Church of England General Synod debates safeguarding subsequent steps

Church of England General Synod debates safeguarding subsequent steps

(Photo: Getty/iStock)

Divisions have surfaced on the General Synod assembly in Westminster over the urgency of bringing ahead laws on impartial safeguarding for the Church of England.

Members debated the way forward for safeguarding at Synod on Saturday, three days after the publication of Professor Alexis Jay’s report which closely criticised the C of E’s system and practices. The former chair of the Independent Inquiry into Child Sex Abuse known as for the creation of two impartial charities, one to ship the Church’s operational safeguarding, the opposite to scrutinise it. 

The debate additionally got here after a report in December by main barrister Dr Sarah Wilkinson into the controversial disbanding of the Church’s Independent Safeguarding Board (ISB) in June 2023. She discovered {that a} “advanced matrix of causes” lay behind the termination of the ISB members’ contracts, together with roles that have been “not clearly outlined”. 

Speaking to the Synod by video, Professor Jay advised members: “Safeguarding within the Church immediately falls under the usual anticipated and set in secular organisations, that are required to observe statutory steerage.”

She known as on the Church to “problem faulty beliefs about safeguarding which proceed to be held”.

“For instance, we heard from numerous folks that safeguarding must be rooted in Scripture and that being a practising Christian must be a prerequisite to holding a safeguarding position,” she stated.

The Church’s lead safeguarding bishop, Joanne Grenfell, Bishop of Stepney, circulated a doc, GS 2336, to members earlier than the talk. Paragraph 12 of GS 2336 recommends the creation of “an inner workforce” to “run deep engagement with Diocesan Safeguarding Advisors/ Diocesan Safeguarding Officers and others in dioceses and cathedrals to unpick reactions on completely different parts and develop detailed proposals”. It additionally requires the creation of a “survivor and sufferer focus group” to “hear the views of victims, survivors and their advocates on the proposals”.

Bishop Grenfell moved a movement that “this Synod thank Sarah Wilkinson and Alexis Jay for his or her work and request that the method set out in paragraph 12 of GS 2336 for forming a response to, and contemplating any mandatory implementation of, their suggestions be pursued as a matter of precedence”.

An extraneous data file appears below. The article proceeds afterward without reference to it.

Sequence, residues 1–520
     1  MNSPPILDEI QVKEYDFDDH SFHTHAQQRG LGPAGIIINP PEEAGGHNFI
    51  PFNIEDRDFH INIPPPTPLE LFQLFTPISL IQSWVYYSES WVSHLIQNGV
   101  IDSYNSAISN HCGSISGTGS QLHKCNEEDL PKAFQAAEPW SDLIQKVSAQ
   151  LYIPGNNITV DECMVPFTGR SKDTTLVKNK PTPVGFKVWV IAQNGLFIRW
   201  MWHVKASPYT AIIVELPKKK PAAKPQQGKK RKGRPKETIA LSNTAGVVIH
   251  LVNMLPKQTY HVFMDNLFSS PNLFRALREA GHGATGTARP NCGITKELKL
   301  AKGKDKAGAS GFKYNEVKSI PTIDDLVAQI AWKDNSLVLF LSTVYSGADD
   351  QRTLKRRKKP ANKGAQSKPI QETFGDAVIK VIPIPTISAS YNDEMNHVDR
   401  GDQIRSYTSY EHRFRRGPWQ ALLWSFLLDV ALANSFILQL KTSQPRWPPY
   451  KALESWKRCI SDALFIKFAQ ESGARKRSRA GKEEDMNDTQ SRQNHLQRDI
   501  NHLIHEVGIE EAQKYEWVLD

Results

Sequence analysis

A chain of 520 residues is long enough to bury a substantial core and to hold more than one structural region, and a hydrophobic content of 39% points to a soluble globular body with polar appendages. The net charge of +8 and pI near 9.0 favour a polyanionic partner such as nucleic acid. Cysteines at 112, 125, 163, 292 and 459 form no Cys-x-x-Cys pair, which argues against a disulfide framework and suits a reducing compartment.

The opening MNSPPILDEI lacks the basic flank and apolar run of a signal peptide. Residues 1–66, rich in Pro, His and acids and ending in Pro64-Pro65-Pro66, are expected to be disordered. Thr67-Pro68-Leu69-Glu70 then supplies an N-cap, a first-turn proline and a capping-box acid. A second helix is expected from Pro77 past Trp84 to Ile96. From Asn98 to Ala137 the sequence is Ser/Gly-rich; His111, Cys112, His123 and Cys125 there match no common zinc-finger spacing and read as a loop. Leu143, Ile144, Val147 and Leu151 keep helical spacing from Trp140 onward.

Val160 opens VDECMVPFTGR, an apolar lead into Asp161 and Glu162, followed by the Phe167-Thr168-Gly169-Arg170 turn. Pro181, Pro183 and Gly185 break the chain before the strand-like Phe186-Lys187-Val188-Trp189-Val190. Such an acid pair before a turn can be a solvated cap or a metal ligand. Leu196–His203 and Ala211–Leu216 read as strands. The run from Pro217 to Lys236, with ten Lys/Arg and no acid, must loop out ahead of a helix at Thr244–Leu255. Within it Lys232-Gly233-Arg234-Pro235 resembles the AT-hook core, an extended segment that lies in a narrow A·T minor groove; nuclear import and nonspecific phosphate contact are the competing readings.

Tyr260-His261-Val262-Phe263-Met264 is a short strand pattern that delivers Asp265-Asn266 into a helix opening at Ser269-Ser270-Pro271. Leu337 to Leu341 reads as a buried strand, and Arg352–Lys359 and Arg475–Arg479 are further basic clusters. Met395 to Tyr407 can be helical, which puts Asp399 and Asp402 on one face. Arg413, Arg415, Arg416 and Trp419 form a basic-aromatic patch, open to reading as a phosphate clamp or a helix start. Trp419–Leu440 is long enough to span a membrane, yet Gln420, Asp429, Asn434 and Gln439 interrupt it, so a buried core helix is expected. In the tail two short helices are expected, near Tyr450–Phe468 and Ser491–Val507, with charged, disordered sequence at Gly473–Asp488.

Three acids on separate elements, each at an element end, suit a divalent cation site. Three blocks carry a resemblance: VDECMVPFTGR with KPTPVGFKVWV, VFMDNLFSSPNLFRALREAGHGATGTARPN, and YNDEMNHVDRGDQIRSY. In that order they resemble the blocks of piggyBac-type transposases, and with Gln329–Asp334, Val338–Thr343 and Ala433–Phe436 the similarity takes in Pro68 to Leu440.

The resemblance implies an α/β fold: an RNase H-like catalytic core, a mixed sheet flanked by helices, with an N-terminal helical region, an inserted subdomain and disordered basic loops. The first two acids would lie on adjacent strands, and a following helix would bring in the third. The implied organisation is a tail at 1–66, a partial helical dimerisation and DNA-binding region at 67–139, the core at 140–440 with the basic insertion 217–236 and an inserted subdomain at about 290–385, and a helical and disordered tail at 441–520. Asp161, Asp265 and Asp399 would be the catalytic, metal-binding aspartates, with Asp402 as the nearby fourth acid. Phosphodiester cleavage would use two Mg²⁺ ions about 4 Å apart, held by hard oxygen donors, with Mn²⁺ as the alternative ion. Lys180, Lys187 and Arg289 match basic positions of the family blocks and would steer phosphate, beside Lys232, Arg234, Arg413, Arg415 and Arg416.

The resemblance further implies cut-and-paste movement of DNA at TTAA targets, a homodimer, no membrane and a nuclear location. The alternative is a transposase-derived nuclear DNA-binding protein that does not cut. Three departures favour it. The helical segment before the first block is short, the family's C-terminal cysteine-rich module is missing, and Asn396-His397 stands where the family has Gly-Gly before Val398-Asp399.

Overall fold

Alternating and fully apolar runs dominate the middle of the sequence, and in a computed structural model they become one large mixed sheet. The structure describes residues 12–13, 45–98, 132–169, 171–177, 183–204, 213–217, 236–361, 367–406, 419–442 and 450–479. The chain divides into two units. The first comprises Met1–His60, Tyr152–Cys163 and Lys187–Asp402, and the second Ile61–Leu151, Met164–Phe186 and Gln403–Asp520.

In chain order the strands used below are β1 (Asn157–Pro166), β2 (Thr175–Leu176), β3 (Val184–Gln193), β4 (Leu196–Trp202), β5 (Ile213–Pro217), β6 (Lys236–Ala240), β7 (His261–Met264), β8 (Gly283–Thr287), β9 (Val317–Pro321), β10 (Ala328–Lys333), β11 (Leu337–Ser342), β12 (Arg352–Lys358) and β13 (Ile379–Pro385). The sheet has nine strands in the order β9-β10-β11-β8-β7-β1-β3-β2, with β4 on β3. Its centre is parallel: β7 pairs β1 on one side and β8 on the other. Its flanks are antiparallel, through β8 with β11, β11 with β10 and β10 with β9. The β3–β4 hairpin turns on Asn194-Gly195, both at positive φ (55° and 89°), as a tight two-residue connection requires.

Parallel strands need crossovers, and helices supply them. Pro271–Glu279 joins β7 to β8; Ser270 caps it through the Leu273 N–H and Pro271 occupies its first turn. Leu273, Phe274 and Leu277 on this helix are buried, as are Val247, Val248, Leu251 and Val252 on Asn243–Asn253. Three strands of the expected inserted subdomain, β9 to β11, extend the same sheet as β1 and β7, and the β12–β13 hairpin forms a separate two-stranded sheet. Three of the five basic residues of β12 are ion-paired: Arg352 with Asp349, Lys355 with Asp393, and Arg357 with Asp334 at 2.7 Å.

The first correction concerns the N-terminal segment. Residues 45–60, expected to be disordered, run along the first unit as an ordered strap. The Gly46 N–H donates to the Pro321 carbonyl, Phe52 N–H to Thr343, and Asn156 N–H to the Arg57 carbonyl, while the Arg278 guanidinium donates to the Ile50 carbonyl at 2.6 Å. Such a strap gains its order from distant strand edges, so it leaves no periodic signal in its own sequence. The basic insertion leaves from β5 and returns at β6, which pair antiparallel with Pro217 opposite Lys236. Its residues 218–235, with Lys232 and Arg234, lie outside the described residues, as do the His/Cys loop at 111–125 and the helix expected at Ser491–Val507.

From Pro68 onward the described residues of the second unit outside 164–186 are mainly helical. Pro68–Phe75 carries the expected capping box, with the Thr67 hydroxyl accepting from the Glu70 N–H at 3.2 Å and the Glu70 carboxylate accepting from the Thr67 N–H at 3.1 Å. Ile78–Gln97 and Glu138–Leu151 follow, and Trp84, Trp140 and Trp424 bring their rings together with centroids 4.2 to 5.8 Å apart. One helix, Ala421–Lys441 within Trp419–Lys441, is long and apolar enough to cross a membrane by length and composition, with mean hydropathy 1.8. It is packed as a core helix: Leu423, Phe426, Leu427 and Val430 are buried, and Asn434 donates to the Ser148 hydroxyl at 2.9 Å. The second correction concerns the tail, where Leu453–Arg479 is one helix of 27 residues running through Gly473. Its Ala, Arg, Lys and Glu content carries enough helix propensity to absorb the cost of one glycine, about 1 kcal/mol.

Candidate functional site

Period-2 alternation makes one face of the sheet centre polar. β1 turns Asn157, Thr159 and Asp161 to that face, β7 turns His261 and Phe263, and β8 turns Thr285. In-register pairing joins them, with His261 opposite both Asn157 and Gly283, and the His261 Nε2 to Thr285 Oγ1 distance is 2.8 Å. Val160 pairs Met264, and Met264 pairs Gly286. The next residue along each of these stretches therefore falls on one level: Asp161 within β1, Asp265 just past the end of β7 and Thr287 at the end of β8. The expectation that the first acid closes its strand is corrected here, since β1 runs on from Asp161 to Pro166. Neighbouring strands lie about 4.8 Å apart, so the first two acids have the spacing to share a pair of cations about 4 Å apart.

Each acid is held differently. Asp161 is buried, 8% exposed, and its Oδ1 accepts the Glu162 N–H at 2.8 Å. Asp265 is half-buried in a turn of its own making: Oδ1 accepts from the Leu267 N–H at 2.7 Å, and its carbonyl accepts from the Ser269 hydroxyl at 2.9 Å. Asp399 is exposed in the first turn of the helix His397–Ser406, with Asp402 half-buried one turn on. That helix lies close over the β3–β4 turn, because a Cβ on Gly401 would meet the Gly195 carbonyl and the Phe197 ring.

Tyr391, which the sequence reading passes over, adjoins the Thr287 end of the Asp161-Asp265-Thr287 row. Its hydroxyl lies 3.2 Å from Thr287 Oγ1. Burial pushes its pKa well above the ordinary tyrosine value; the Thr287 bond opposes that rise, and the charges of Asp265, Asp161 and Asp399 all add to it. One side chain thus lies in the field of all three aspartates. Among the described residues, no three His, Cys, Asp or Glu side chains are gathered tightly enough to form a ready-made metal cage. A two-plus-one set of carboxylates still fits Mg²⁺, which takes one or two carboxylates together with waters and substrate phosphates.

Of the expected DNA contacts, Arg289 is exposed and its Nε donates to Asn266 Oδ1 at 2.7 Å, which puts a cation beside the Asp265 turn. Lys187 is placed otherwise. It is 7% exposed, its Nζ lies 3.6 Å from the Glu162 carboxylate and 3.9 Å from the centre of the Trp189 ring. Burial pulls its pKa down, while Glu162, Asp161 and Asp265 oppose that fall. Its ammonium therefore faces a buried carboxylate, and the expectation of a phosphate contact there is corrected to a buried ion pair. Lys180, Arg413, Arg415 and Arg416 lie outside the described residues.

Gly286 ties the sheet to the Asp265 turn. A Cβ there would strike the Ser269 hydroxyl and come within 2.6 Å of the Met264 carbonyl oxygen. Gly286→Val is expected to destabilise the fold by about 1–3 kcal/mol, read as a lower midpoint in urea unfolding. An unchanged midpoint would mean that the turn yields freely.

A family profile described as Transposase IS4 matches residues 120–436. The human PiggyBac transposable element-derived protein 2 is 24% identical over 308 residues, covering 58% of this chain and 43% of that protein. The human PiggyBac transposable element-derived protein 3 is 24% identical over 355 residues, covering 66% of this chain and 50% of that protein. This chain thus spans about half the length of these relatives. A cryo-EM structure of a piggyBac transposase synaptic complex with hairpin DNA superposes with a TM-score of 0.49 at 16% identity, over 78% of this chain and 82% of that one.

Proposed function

Clive Billenness, a lay member for the Diocese in Europe, proposed an modification to the movement to “instruct impartial legislative counsel to arrange a draft Measure giving impact to Professor Jay’s proposals within the method beneficial by Dr Wilkinson (i.e. utilizing exterior consultants)”; “to publish the draft Measure for open session by 30 April 2024”; and “to convey that draft, along with a report setting out responses to the session, for first consideration at General Synod in July 2024”.

Bishop Grenfell resisted the transfer to push forward with making ready laws. She stated: “The work that must be accomplished now’s deep and huge engagement, not speedy supply. We’ve solely had the (Jay) report for a number of days.”

Mr Billenness’s modification fell in a vote requiring a majority in every of the three Houses of Synod. The House of Bishops voted in opposition to it by 27 to eight; the House of Clergy by 95 to 62; however the House of Laity supported it by 83 to 80.

Amendments apologising to the previous members of ISB handed however the debate descended into bitterness when the Rev Robert Thompson, a clergy member for London Diocese, known as on the Archbishop of Canterbury, Justin Welby, and the Archbishops’ Council Secretary-General, William Nye, to resign.

He stated: “Apology must be embodied and at current nobody is embodying that inside our Church. I’ve on social media known as for the Archbishop of Canterbury and the General Secretary (sic) to resign and I feel that’s now what is required. Trust is totally damaged.”

The essential movement handed in a vote of the entire Synod by 337 to 21.

Julian Mann is a former Church of England vicar, now an evangelical journalist primarily based in Lancashire.



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